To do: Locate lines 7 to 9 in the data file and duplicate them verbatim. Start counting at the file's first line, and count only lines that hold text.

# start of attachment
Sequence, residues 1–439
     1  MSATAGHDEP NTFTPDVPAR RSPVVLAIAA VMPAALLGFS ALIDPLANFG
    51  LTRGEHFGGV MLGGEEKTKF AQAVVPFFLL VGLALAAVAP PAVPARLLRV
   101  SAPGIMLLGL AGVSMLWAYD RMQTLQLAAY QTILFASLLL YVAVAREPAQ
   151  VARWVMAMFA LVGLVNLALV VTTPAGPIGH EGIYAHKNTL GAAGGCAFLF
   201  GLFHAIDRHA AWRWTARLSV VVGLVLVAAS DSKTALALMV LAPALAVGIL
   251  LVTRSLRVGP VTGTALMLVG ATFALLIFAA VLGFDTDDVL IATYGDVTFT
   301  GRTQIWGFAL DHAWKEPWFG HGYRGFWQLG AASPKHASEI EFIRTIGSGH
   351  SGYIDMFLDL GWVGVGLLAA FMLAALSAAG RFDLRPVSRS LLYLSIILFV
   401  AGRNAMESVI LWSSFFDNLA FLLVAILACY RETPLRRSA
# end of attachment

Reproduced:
   251  LVTRSLRVGP VTGTALMLVG ATFALLIFAA VLGFDTDDVL IATYGDVTFT
   301  GRTQIWGFAL DHAWKEPWFG HGYRGFWQLG AASPKHASEI EFIRTIGSGH
   351  SGYIDMFLDL GWVGVGLLAA FMLAALSAAG RFDLRPVSRS LLYLSIILFV